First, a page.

[Fifth post in a series on the book Introverts in the Church.]
From chapter 7, Leading as Ourselves.
Page 148: The most pivotal preaching event in the Bible was not Moses and the Ten Commandments at Mount Sinai, or Peter on Pentecost, or even the Sermon on the Mount; the most pivotal preaching moment was the incarnation, the moment the eternal Word of God, the wisdom with which the whole universe hangs together, became human. God's supreme revelatory medium was not words piped in or scrolls dropped from the heavens, but a living, breathing human being who walked and taught and ate and wept and loved among us.There you go - I agree completely. The whole book was worth it to read that.
Page 150: Christian leaders, even introverted ones, are called to enter into the worlds of others and allow others to enter ours. We let others see our strengths and our triumphs, as well as our weaknesses and failures and doubts, even our struggles as introverts (using discretion, of course). The greatest gift that we have to offer others is ourselves, because it's in our fragile and vulnerable humanness that people see the unconditional love and redeeming power of God most clearly. A leader showing vulnerability about his or her personal life, thus creating empathy with the pain and struggles of others, often has a greater impact than countless numbers of the most powerful biblical exhortations. I've found this to be especially true when I tell unresolved personal stories, meaning that the story hasn't ended in victory and personal heroism; this presents me as a fellow traveler in the way of the cross.Leaders don't have to have all the answers!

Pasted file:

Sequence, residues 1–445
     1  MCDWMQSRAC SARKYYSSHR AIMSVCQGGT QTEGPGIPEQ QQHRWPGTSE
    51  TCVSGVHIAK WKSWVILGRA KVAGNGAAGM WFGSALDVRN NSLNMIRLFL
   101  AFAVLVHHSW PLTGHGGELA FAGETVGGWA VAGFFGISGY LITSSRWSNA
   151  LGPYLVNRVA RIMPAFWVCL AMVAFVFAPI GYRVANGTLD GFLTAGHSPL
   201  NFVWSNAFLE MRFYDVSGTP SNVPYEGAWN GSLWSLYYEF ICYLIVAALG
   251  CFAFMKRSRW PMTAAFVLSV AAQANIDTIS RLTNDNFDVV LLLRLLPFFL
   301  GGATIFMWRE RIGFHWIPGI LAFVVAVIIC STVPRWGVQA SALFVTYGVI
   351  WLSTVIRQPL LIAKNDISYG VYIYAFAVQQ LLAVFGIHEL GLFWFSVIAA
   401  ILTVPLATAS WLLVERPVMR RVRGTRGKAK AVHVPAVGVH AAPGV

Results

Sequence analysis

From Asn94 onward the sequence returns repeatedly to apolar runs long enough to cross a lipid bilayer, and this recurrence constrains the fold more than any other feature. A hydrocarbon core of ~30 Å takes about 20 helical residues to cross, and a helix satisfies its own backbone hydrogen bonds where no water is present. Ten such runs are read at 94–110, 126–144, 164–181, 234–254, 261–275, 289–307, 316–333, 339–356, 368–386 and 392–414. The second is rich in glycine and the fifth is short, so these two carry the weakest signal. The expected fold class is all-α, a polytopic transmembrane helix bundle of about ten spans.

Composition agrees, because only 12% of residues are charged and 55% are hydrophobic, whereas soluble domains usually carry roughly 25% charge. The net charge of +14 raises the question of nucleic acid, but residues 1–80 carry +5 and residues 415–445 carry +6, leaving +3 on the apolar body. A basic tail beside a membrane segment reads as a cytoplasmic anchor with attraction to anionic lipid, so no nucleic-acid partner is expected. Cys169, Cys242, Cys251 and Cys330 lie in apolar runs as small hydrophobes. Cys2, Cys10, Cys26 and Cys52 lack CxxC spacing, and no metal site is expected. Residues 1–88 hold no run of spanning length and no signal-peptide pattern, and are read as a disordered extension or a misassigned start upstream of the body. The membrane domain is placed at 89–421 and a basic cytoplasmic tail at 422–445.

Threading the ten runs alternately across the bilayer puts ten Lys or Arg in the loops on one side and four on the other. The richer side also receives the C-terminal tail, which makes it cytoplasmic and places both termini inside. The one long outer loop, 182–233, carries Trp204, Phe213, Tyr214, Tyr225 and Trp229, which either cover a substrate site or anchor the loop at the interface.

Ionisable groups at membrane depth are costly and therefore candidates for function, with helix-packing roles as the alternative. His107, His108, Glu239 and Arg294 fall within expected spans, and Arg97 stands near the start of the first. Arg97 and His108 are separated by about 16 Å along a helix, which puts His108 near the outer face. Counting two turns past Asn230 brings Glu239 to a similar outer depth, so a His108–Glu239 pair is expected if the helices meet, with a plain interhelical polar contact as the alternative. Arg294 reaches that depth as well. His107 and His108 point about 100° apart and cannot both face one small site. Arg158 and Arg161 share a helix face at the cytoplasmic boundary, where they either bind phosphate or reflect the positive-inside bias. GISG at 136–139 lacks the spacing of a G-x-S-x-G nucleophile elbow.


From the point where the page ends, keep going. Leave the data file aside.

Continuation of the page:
Pages 154-155: Many people are reluctant to express their deepest longings and hopes, so they project them into superficial, quantifiable gauges that give the appearance of success and vitality. They subconsciously hope that achieving those goals will bring healing and joy to their souls, which of course it never will. They might say they want church growth, but what they actually need is something much more profound and personal. Perhaps they may need to know that God's grace is big enough to reach them in the wilderness, or that he is present in the most vulnerable and dark places of their lives. The best leaders know to, sometimes, not give people what they ask for.Not give people what they ask for? Blasphemy! :)
Page 155: What a person in pain needs, on the deepest human level, is to not feel alone. What helps someone is people who will simply be there and help carry the burden without always trying to fix the situation. The best thing Job's "comforters" ever did was sit with him on the ground in silence for seven days. I'm sure he wished that on the eighth day they had just returned home, without ever opening their mouths. Words can trivialize, but silence is sacred.I loved this passage. Can you imagine what a different book, story and lesson Job would be if it had happened like that? Friends came, sat in silence with him, and then left. "Words can trivialize, but silence is sacred." There is true teaching of love and friendship in that!